Most of us assume, when we commit ourselves to someone, that it’s going to last for the rest of our lives. We know this probably isn’t true, but we don’t want to become a statistic of another self-fulfilling prophecy. So we hope for the best, and we build with this person – like we should do.
But when we break up, we tend to turn into this different person. We regret ever associating with our ex, or maybe we even act hostile towards her. Is it right? No. Does it happen? Yeah – more than we’d care to admit.
If you want to know the top 4 things you shouldn’t do after a break-up, keep reading.
Mistake #1: Thinking you need to hate the other person.
When we’re angry, we say a lot of things we might regret later. They’re not always true, even if we’re an honest person, and while they should be avoided, they will occasionally slip out. Does that mean you should hate your ex if she said she never loved you in your last fight? Well, probably not.
If the negative things that were said were true, you’ll need time to process them and decide what you’re going to do in the future. If they weren’t true, you’ll need time to remember that your worth isn’t defined by someone else – especially someone who is no longer a part of your life.
Instead of hating her, it’s best if you allow yourself to grieve the loss of the relationship, as well as the loss of your love. After all, if your feelings were powerful enough that you’re driven to hate her, it’s obvious that she was important in your life – and her interactions with you probably helped shape who you are now. Take your time to grieve, and then think of how you can improve yourself and your personal relationship expectations in the future.
Mistake #2: Blaming everything on her.
Relationships very rarely end because one person sucks. It might happen occasionally, but it’s far more likely that you were both to blame for the relationship failing. Failing to take responsibility for your own wrongdoings isn’t going to help you be a better person, nor is it going to “punish” your ex in any way whatsoever. If she’s come to terms with the end of the relationship, your opinions of her aren’t going to phase her at all.
Try to make a mental inventory of all the mistakes that were made in your relationship – both by you and by her. Be honest with yourself. If you accused her of being jealous and clingy, but you gave her a legitimate reason to fear you’d stray, make sure you account for that too. Relationships are a two-way street, and we often act in response to the way someone else has acted.
But she’s probably not innocent, either, so make sure you take note of the things she did that you don’t want to tolerate from another partner. While you might not be able to prevent them all, identifying what your specific deal-breakers are is important, and just because you weren’t the one who got fed up and left doesn’t mean your own eyes haven’t been opened. Be fair to yourself in the future, and don’t put up with things that you really can’t handle.
Mistake #3: Believing you’ll get over it in time.
Everyone always says, “Time heals all wounds.” And that’s a great sentiment, except that it’s incomplete. It really ought to read, “Time and hard work heal all wounds.” Nothing worth having comes easy, and the process of getting over a love lost is actually a lot of hard work. You have to actively work to get over her – it’s not just going to happen on its own.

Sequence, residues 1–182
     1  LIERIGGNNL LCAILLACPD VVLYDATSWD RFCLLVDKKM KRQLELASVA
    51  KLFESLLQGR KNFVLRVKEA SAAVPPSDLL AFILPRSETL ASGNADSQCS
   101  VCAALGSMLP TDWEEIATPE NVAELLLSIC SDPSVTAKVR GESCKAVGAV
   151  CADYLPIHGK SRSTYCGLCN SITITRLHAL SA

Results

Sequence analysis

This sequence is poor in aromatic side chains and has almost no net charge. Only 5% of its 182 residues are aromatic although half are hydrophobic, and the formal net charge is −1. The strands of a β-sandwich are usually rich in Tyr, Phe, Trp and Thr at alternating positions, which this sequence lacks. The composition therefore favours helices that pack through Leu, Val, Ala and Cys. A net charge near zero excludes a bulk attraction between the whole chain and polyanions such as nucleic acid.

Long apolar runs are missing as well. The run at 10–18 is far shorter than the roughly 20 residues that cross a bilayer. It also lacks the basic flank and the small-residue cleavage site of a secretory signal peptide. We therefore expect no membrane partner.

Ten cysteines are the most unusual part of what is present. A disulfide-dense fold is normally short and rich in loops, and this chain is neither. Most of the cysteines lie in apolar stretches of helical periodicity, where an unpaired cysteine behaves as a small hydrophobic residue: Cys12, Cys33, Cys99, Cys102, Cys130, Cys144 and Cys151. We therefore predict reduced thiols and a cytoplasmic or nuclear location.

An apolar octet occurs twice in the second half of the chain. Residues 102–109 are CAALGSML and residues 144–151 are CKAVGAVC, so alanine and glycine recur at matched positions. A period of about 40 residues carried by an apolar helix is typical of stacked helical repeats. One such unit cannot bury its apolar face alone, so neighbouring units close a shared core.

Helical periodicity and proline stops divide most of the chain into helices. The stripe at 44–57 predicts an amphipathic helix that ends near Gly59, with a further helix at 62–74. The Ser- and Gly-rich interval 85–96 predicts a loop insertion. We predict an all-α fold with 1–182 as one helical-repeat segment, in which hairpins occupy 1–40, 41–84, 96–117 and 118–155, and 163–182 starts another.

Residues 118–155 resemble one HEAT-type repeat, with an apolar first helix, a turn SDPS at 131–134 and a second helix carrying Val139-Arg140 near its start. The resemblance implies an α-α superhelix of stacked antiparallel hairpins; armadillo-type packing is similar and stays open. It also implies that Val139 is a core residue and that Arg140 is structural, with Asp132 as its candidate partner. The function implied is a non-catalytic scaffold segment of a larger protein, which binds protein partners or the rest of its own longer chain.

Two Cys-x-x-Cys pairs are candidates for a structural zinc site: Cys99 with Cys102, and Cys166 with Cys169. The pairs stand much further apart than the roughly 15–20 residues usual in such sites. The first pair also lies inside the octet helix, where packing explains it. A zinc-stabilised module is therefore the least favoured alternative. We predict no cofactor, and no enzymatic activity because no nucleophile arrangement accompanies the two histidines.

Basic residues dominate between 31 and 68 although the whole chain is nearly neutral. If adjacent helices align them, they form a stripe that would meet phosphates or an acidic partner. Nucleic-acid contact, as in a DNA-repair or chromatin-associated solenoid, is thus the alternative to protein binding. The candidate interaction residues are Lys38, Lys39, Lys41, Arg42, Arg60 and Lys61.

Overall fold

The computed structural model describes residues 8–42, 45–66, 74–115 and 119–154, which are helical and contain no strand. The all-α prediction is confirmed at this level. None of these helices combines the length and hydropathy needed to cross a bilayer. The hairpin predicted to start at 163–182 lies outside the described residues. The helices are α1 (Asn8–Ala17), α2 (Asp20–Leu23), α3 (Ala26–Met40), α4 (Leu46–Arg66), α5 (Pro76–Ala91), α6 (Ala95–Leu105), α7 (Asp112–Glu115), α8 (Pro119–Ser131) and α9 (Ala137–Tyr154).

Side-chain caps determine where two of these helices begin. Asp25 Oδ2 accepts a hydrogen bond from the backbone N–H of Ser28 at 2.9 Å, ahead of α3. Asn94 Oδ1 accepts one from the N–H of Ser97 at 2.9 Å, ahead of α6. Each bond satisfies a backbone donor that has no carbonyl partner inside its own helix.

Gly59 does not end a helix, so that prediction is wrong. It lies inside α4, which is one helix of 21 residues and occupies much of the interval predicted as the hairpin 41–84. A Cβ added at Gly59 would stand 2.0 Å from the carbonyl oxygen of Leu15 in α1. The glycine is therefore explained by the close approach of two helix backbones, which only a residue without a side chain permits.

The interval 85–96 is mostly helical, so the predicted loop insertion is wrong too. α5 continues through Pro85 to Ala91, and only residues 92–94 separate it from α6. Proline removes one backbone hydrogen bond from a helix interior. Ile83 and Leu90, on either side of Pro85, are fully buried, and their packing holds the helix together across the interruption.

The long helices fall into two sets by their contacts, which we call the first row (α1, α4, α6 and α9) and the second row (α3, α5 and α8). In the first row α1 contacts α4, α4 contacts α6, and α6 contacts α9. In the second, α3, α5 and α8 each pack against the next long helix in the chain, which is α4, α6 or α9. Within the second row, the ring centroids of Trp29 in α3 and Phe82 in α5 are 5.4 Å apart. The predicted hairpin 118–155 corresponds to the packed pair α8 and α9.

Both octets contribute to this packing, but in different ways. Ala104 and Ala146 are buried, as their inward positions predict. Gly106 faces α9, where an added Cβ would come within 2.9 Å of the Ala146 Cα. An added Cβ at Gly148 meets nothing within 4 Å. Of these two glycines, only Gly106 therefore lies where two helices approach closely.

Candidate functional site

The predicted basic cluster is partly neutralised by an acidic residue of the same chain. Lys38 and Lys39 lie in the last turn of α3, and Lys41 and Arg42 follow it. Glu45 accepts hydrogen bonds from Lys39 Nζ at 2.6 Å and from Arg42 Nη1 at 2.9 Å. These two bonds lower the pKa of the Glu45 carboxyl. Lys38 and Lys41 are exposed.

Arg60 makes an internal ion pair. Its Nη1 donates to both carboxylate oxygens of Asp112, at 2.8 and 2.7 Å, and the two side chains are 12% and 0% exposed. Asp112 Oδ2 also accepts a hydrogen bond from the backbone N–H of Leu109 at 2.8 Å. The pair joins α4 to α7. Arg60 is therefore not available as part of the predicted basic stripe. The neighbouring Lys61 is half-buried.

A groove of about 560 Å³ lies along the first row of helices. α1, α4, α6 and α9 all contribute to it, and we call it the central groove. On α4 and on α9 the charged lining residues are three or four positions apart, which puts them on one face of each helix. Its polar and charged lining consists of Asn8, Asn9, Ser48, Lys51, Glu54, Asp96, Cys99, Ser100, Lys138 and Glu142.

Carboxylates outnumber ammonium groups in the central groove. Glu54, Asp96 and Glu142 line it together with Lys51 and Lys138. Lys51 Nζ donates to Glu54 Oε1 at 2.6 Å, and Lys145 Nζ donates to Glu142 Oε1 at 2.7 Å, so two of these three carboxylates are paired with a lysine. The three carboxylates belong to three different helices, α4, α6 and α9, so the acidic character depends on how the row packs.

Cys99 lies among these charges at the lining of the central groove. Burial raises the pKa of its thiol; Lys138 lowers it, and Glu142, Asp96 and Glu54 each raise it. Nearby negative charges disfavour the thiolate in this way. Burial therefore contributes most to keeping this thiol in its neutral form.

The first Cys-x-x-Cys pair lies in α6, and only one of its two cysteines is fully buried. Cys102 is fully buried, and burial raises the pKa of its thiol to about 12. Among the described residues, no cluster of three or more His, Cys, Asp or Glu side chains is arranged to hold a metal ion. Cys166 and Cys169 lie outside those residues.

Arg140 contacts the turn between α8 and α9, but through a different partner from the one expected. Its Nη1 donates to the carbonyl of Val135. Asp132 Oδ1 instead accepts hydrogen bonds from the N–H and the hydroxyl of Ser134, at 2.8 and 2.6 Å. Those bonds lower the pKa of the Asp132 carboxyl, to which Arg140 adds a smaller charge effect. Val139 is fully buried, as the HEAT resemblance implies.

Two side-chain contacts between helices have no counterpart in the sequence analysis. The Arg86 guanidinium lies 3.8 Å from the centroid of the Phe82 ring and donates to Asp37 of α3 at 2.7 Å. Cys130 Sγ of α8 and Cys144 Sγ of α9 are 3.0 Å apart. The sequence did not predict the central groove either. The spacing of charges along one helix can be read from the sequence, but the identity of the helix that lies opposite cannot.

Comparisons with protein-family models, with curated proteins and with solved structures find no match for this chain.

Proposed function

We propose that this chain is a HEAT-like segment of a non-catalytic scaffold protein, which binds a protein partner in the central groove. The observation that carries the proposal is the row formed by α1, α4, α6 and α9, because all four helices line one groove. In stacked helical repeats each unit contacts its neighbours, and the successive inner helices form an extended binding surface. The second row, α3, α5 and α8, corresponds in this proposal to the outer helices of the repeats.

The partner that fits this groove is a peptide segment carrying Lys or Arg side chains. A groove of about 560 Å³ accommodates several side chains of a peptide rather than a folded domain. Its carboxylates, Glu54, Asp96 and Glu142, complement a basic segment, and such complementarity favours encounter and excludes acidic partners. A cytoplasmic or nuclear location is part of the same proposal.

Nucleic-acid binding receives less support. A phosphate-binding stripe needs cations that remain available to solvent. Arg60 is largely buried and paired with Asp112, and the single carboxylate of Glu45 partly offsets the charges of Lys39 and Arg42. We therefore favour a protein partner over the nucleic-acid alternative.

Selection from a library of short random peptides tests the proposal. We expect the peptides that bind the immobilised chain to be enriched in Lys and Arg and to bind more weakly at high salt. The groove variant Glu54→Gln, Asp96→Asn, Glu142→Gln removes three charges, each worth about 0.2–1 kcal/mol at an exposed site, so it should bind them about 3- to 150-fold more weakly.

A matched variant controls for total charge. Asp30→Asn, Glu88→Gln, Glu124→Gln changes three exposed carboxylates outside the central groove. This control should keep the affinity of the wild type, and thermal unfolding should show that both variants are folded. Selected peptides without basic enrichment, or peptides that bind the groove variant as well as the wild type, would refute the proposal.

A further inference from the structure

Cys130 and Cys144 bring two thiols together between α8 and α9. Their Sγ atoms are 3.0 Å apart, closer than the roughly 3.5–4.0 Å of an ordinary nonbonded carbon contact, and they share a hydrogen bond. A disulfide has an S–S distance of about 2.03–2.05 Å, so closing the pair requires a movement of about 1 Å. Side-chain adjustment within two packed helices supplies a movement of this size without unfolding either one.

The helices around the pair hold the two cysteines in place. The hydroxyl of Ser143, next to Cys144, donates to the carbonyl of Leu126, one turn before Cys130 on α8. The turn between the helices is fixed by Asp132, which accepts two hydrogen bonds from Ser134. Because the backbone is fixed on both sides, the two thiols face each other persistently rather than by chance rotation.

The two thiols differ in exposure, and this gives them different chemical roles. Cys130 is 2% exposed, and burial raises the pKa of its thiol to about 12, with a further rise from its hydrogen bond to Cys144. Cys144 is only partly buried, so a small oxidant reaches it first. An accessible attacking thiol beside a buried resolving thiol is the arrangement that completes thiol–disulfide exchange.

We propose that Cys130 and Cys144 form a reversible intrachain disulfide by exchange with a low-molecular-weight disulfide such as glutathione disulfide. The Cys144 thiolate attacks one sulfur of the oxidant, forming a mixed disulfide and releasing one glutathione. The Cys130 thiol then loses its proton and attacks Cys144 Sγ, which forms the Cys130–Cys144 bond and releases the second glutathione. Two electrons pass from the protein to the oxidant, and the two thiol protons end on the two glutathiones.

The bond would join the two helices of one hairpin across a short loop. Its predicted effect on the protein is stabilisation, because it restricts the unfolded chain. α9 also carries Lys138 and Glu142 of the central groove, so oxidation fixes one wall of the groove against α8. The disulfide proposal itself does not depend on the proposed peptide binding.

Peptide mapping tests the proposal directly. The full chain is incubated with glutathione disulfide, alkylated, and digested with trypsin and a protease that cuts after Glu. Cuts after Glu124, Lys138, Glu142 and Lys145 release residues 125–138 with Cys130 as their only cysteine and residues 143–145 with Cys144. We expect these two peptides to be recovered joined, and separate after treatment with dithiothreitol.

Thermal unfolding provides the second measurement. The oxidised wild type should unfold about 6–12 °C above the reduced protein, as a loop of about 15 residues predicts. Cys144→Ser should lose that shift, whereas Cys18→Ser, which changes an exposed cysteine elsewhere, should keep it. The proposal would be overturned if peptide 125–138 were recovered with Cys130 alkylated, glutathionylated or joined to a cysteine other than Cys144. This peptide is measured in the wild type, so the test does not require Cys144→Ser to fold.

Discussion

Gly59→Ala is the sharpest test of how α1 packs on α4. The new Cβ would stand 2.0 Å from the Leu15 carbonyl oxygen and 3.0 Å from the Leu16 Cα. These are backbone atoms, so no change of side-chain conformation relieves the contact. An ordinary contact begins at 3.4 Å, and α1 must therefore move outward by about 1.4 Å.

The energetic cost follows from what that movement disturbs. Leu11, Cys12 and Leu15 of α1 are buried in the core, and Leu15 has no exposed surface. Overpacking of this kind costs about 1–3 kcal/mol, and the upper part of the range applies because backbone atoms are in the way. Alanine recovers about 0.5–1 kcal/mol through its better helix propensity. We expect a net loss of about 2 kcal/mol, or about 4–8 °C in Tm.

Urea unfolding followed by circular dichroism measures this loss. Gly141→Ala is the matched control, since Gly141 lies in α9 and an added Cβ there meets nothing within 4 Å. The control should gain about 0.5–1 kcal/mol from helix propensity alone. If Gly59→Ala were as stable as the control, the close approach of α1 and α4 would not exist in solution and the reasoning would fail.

For all you women who might sit and pine, watching her status updates to see if there’s a glimmer of hope that she’s thinking of you, too, I have some bad news for you. She probably isn’t, and you’re not doing yourself any favors by letting her run your thought process. If she’s not a part of your life, you shouldn’t be trying to please her. She’s not yours to please anymore.
Instead of waiting for the pain to subside, you actually have to go out and make it go away – on your own. Friends and loved ones can help, but most of the work will need to be done by you. It’s important that we remember that, even though it’s wonderful when someone cares enough about us to “fix us”, it’s no one’s responsibility but our own.
Mistake #4: Thinking you need to get rid of every memory of her.
Sometimes after a break-up, we think the only way to make a clean getaway is to erase every bit of evidence that the two of you were every item. You may throw away her old sweater she left behind, or burn her pictures, or delete her number out of your phone. But most of the time, it’s healthier to leave those things – especially if they revolve around happy memories. Maybe you don’t need to text her, if the situation ended badly (or if you’re not sure you’ve healed). But getting rid of all the old pictures is like erasing a chunk of your own history, and even if it has a strong association with her, it also says a lot about you.
I used to be the type to purge everything – always. As soon as the words “we’re through” had left either of our mouths, I was already ridding myself of the memories. The only problem was… I went through a lot of off-and-on relationships. The end was never really the end; it was more like a pause. And even when it was the end, I’d end up running across something I forgot to get rid of, or something that a family member still had – and it would flood all the memories back. This can be really painful when you haven’t allowed yourself time to process everything.
Instead, you should try to focus on removing them from your everyday line of sight, without getting rid of them entirely. There’s no real reason to delete every picture off your Facebook if you guys were together for five years – she was a big part of your life at that time and you have every right to still access those memories. As long as you’re not intentionally drudging them up to live in the past, hang onto your memories and let them guide you to a better future.